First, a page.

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Reinforcing Math Skills Through the Multiple Intelligences
—by Jean Fisher
Improve your child's Math skills by tapping into his or her best style of learning.
If there is one subject that should be taught on an individual basis, it is mathematics. But most school children do not receive individualized instruction. The majority of math classes consist of a teacher-led lesson directed at the whole class followed by individual practice and sometimes group-activity reinforcement. I have worked in classrooms that allow students to work through a text book at their own pace, using the teacher as a resource when necessary. This works well for students who are strong conceptual learners and can process information through written instructions. But a student who learns better through hands-on experiences will flounder through this type of text-book only learning.
The surest way of guaranteeing that your child encounters mathematical experiences that approach his or her best learning styles is to include math activities in the home as often as possible. But don't start picturing dreary evenings of pencils, erasures and columns of figures. Reinforcing math skills through the multiple intelligences can be lots of fun!
First of all, what are the multiple intelligences?
So now that you have a better understanding of what the multiple
intelligences are, how do you go about putting them to work?
First, find out what your strengths are:
Next, find activities to reinforce skills using the learning styles that indicated the highest tendencies. For this article, we are going to use the skill of understanding equivalent fractions. For each of the seven different intelligences listed above I will suggest activities that use that style of learning as the primary approach.
Visual learners respond well to colors and images. This link takes you to an online lesson that makes excellent use of color and shape to teach fractions.
Another great visual learning activity for reinforcing fraction skills you can create using everyday objects in your own home. Choose two common items that you have several of each. For example, two different types of dry beans, two different colors of buttons, pennies and nickels, etc. Now designate one of the groups to represent the numerators of your fractions, the other group represents the denominators. (Parents, use the words numerators and denominators instead of top number and bottom number. Many tests that students must take, expect the student to know the correct math terms.)
Now make groups of the two items to make fractions. For our example, we are going to make the fraction 16/24. So, we have 16 red buttons spread out on the top part of our work table and 24 blue buttons on the bottom.
Next, explain to the child that you are going to make an equivalent fraction that is equal to 16/24 by grouping the buttons of the numerator and denominator. Put both set of buttons into groups of two. Now count the number of groups that you formed and name your new fraction as 8/12.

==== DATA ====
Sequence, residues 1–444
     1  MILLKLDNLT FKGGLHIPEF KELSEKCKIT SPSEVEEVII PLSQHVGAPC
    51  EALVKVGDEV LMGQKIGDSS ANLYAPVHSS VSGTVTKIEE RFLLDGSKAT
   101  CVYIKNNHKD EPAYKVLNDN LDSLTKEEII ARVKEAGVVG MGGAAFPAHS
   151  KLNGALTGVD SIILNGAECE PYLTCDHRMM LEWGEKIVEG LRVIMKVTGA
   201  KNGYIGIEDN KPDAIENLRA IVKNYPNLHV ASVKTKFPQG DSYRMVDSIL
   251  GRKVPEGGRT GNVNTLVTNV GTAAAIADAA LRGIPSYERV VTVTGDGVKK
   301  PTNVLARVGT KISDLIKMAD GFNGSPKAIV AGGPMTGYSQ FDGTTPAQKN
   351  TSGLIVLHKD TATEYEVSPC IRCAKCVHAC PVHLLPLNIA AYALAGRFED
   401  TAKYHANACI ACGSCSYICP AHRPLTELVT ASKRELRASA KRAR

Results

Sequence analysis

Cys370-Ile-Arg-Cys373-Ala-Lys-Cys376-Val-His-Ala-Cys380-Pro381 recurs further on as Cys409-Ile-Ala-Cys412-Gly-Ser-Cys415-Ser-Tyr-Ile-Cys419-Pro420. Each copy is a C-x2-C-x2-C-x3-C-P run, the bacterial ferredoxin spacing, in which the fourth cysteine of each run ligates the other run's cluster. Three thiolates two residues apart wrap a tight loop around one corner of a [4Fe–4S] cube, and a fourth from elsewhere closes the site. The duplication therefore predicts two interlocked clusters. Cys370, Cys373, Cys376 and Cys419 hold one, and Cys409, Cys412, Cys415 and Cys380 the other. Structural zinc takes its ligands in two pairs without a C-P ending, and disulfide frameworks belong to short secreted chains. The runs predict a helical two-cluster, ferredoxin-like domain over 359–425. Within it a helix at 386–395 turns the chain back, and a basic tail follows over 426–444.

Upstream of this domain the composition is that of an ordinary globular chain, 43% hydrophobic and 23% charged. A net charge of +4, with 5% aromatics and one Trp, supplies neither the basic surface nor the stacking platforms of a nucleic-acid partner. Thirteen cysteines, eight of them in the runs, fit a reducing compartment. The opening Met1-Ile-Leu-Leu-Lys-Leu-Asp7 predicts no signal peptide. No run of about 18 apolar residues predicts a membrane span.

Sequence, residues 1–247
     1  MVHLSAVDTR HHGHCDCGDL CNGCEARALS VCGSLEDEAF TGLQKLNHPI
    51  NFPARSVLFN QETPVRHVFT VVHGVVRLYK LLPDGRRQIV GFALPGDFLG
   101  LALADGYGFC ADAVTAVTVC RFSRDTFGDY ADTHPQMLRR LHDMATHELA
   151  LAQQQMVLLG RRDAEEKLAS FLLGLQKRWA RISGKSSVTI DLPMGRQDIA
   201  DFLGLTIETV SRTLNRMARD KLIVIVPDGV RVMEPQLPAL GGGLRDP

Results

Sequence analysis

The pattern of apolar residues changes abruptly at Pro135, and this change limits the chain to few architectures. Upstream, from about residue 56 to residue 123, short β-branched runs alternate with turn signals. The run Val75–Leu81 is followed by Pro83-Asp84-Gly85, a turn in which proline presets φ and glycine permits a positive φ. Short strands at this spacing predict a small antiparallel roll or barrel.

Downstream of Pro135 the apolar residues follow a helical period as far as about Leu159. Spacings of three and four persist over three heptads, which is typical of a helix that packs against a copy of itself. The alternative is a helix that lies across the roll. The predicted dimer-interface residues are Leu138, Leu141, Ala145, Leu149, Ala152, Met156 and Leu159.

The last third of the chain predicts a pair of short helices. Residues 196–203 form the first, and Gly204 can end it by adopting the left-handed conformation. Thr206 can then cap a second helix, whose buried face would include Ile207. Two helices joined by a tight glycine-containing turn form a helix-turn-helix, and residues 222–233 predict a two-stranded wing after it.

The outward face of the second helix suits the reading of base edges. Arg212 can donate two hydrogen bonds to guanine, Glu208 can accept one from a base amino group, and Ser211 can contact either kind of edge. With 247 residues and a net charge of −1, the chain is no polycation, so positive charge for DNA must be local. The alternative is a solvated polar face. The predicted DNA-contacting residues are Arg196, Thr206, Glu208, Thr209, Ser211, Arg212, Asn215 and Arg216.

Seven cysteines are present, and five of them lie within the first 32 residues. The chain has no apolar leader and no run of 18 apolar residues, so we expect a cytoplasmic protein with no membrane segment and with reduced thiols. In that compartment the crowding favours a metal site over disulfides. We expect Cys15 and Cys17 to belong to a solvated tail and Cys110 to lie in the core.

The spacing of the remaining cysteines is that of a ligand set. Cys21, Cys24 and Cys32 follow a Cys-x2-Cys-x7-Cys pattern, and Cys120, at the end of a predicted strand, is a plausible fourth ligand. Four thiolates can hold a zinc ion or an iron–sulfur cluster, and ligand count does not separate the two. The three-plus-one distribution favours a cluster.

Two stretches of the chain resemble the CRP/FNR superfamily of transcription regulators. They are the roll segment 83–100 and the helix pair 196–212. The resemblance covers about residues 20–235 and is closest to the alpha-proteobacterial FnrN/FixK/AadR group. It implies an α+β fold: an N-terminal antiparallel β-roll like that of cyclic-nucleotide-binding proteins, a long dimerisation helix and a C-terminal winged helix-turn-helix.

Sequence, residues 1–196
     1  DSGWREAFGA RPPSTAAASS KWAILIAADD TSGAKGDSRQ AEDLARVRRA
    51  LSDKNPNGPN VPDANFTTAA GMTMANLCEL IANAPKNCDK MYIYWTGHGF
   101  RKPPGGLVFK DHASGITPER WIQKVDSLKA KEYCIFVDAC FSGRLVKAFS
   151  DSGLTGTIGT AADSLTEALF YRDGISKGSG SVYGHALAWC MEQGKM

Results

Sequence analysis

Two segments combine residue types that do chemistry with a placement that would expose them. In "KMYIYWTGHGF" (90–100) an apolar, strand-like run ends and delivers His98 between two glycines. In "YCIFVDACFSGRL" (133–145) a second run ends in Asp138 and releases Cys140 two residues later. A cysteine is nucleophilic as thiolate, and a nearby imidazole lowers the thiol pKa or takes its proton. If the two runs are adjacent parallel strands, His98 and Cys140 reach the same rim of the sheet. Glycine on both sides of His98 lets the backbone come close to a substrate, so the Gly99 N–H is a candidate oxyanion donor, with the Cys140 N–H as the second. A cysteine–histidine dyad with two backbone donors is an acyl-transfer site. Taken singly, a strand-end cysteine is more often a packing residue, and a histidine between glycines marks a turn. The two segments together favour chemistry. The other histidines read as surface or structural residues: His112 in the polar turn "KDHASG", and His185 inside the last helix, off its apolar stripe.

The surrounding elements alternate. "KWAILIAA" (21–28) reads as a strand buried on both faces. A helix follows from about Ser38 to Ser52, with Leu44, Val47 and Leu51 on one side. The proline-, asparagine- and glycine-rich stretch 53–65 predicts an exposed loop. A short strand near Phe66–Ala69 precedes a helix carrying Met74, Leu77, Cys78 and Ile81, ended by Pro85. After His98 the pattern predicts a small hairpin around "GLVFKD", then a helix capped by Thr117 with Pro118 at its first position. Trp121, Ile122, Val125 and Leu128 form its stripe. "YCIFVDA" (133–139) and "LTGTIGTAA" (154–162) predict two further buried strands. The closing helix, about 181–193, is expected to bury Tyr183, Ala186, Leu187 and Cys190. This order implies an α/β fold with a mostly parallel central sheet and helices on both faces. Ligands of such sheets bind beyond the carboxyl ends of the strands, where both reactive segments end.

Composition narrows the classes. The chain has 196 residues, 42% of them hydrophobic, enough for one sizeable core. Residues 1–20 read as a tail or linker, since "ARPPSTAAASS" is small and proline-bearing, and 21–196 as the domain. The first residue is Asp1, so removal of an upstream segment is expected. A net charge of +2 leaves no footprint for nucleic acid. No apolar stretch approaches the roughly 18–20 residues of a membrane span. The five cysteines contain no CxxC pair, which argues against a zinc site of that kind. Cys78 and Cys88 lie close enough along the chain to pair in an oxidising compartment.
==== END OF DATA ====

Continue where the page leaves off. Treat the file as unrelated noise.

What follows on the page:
Okay, repeat the process by grouping the buttons into three's. Oops! There is a problem. Grouping by three's won't work. Even though the blue denominator group divides easily into eight groups of three, you get five groups of three with one button left over in our red numerator group. It is easy to see that this grouping does not name an equivalent fraction. One button left over prevents you from forming equal groups.
Continue trying all the possible number groupings to find the remaining equivalent fractions that can be named from 16/24. Repeat the process with a different numerator and denominator as long as interest remains high.
Verbal learners absorb information easily from written material. A person who is a verbal learner could benefit from well-written instructions and lessons such as the ones provided here by Jamit.com.
Have fun reinforcing equivalent fractions with your verbal learner by creating word problems for each other to solve.
Martha's mother was serving pizza for her birthday party. Including herself, there would be six people at the party. Knowing that smaller pieces of pizza are less messy than large pieces, Martha's mother cuts the pizza into twenty-four pieces. How many pieces of pizza does each person get? What fraction represents each person's share of the pizza? What if Martha's mother had cut the pieces bigger so that everyone got two pieces, what fraction would represent each share?
Our editor, Jean Fisher, is a former elementary teacher. She offers "What's For Dinner?" as a free service for busy families.One delicious meal is suggested for each day of the week, plus an organized grocery shopping list that can be customized to include all your shopping needs.You will also find two stimulating table topics and one educational after-dinner activity for each day.
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